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Today in My History

2001:   Whatever Happened to Yvonne DeCarlo?
Irreconcilable Differences
2003:  Ravings of a Scattered Brain
2004:  L'Chaim
2005:  Feast of Famine

2006:  Peace in the Valley Again
2007:   I'm Reviewing the Situation

2008:  Not That There's Anything WRONG with That

2009:  I Just Hate It


Books Read in 2009
Updated: 12/26
"South of Broad"

Recipes for Cousins Day Drinks
(updated 9/4/09)


How to be the Favored Grandchild
from Bev Sykes on Vimeo.

And on You Tube

Look at these Videos
Stupid, Callous, Homophobic, Hateful Legislation
This is Amazing--Tragic, but Amazing
Today's the Day
Web Side Story

New on My flickr_logo.gif (1441 bytes)

The Christmas Collection

Mirror Site for RSS Feed
Airy Persiflage

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9 January 2010

I have often said that I am singlehandedly keeping Amazon.com afloat (though I've heard others say that too, so perhaps I'm not alone).   Their marketing techniques and suggestions of other items I might like to buy, based on my past purchases are sometimes to blame.  I have been known to be an impulse buyer, especially if a book looks particularly enticing on Amazon.

But today I saw something that made my head spin.  Our Cuinsinart food processor just kind of died.  I was blending up some soup that had been made with ham bones and apparently I didn't get all the bones out and the blade jammed on one bone.  It jammed so hard that it pushed the mechanism out of kilter and though Walt worked on it for a couple of days, he was not able to get it back the way it was.

That machine was the only money I spent on me after my father died.  He had $30,000 in his savings account and because of the acrimony between us, I wanted none of it for myself.  Except the $100 or so that I spent on the food processor.  The rest of the money went half to the kids and half to our one big family vacation to England and Ireland.

But that was twenty-five years ago.  The cuisnart has served me well and is the one appliance, other than the coffee maker, that I use almost every day.  Walt figured it was a good reason to buy a new one and so he went to the local store and bought a new machine.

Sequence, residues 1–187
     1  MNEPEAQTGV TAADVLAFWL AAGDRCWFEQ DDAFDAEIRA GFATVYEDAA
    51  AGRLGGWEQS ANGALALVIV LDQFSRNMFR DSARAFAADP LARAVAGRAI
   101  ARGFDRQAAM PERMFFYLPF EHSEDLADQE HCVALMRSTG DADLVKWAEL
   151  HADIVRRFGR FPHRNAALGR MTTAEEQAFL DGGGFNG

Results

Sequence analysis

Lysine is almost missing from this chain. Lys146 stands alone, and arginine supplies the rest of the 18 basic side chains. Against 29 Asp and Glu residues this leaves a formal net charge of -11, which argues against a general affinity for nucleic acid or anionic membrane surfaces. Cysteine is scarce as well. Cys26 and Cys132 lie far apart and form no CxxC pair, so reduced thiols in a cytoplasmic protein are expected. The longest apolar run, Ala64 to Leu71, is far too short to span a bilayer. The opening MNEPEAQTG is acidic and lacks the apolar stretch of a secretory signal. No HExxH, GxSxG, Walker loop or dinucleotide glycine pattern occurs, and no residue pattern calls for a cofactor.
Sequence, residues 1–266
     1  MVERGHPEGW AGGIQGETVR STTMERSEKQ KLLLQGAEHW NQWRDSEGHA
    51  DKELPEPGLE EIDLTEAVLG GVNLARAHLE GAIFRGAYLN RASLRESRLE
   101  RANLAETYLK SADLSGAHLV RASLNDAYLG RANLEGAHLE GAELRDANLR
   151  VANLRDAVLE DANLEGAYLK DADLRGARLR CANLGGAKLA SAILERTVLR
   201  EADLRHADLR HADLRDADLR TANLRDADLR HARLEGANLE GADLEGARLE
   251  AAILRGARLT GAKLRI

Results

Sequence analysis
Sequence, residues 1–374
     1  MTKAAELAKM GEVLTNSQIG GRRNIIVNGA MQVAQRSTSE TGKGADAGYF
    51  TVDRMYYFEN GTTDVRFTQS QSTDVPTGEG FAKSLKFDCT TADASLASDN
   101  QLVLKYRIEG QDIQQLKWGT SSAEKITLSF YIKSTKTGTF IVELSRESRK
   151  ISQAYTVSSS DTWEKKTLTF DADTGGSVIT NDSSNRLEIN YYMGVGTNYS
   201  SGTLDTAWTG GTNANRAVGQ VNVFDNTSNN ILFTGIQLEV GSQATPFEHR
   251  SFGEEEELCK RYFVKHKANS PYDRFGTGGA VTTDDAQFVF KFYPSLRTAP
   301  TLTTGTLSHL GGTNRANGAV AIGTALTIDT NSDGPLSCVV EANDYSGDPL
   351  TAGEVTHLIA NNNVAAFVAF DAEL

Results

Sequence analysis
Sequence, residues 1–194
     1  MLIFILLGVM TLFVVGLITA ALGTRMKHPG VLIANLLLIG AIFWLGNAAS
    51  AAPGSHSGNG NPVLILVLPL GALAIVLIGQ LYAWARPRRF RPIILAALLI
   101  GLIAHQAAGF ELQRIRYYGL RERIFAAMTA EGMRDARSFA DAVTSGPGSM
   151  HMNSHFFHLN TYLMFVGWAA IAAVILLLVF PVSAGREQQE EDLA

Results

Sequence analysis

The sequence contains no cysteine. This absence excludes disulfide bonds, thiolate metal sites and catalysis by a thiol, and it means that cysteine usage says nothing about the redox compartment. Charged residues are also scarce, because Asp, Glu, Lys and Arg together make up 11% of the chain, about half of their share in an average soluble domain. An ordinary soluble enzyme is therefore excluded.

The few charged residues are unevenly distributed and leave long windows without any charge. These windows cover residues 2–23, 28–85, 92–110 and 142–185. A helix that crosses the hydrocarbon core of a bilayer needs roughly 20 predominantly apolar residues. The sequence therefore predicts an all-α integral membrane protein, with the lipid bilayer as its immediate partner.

It's the same size and takes the same blades as the broken machine, but the shaft is just a little bigger than the old one and so the thing that turns the orange juice attachment won't fit on it.  So I went to Amazon, out of curiosity, to check on accessories for this machines.

One of the things it was advertising was that "smart stick hand blender."  I've often been tempted to get one and clicked on it to check it out.  Price is reasonable, only $30, but then I saw what Amazon had assembled under it.

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I wondered how many times people have been tempted to buy a blender and suddenly thought "Oh my god--I'm buying a blender.  Now I'm going to need an iPod!" 

I can't think of one single reason why there would be customers   who "frequently" buy a blender and an iPod, since one is cheap and the other is expensive; one is a kitchen appliance and the other is used to play music; and they both come from different sellers, so you don't even save on shipping costs.   Even aesthetically, they aren't the same color so you can't have matching stuff!

But heck, why spend a measly $30 when you can spend $163.94 instead!

Wait...there's more!  Under the suggestion that an iPod will make your blender purchase complete, it says that if you spend at least $50 in Home and Garden products on Amazon.com, in a single purchase from a single seller, and you can get your choice of a 1-year subscription to GQ, SELF, Conde Nast Traveler or Architectural Digest included with your purchase (a $10 subscription value).

Your $30 blender won't qualify you and the more expensive iPod isn't a home and garden product, so I guess you need to buy even more.  Amazon recommends adding a small food processor and/or a cookbook for the blender.

But then I thought about the purchaser of the blender.  How many GQ readers do you suppose are shopping for kitchen products?  How many readers of Archetectural Digest are going to rush out to buy a mini food processor?  And my god, if you can afford to go on adventures with Conde Nast Traveler, why would you sit at home and blend yourself into oblivion?

Now I can understand all of those subscriptions for iPod users, but the iPod won't qualify you for home and garden products. 

I'm sorry, Amazon.  I'm too old to see the logic in any of this.   I'm just going to stick with my latest kindle upload and forget about all the special packaging deals and free offers for today.


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